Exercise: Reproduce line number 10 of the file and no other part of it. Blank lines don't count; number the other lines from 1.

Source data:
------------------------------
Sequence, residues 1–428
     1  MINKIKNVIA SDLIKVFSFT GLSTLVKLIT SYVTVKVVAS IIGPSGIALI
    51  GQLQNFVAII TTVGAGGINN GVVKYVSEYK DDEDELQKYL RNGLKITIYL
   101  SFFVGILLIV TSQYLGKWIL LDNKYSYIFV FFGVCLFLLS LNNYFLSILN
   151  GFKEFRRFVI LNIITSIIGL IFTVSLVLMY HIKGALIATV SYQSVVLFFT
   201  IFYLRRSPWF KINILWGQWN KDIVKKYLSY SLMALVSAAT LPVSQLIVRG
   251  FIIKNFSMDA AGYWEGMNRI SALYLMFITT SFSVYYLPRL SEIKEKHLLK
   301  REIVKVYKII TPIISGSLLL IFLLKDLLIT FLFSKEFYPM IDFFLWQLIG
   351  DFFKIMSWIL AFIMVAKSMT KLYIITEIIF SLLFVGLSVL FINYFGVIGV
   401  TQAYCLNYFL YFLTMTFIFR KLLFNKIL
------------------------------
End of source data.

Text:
   401  TQAYCLNYFL YFLTMTFIFR KLLFNKIL